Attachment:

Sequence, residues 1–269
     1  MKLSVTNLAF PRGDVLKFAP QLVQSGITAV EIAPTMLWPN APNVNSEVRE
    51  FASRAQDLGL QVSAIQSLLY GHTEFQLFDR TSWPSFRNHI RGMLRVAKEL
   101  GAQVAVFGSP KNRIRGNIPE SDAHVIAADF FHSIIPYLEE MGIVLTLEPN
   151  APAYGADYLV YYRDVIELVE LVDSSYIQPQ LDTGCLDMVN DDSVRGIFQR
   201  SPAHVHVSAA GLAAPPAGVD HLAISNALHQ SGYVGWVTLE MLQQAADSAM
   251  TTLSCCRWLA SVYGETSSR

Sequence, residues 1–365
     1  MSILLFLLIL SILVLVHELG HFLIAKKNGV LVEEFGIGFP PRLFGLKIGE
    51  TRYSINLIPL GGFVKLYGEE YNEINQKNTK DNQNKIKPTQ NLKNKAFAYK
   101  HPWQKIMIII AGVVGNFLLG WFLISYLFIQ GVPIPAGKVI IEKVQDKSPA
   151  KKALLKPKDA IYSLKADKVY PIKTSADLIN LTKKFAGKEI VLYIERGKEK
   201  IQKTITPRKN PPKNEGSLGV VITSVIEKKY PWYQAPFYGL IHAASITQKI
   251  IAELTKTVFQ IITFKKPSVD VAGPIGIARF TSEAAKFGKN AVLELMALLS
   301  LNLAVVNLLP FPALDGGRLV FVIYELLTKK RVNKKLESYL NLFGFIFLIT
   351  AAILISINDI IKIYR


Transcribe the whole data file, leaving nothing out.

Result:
Sequence, residues 1–269
     1  MKLSVTNLAF PRGDVLKFAP QLVQSGITAV EIAPTMLWPN APNVNSEVRE
    51  FASRAQDLGL QVSAIQSLLY GHTEFQLFDR TSWPSFRNHI RGMLRVAKEL
   101  GAQVAVFGSP KNRIRGNIPE SDAHVIAADF FHSIIPYLEE MGIVLTLEPN
   151  APAYGADYLV YYRDVIELVE LVDSSYIQPQ LDTGCLDMVN DDSVRGIFQR
   201  SPAHVHVSAA GLAAPPAGVD HLAISNALHQ SGYVGWVTLE MLQQAADSAM
   251  TTLSCCRWLA SVYGETSSR

Sequence, residues 1–365
     1  MSILLFLLIL SILVLVHELG HFLIAKKNGV LVEEFGIGFP PRLFGLKIGE
    51  TRYSINLIPL GGFVKLYGEE YNEINQKNTK DNQNKIKPTQ NLKNKAFAYK
   101  HPWQKIMIII AGVVGNFLLG WFLISYLFIQ GVPIPAGKVI IEKVQDKSPA
   151  KKALLKPKDA IYSLKADKVY PIKTSADLIN LTKKFAGKEI VLYIERGKEK
   201  IQKTITPRKN PPKNEGSLGV VITSVIEKKY PWYQAPFYGL IHAASITQKI
   251  IAELTKTVFQ IITFKKPSVD VAGPIGIARF TSEAAKFGKN AVLELMALLS
   301  LNLAVVNLLP FPALDGGRLV FVIYELLTKK RVNKKLESYL NLFGFIFLIT
   351  AAILISINDI IKIYR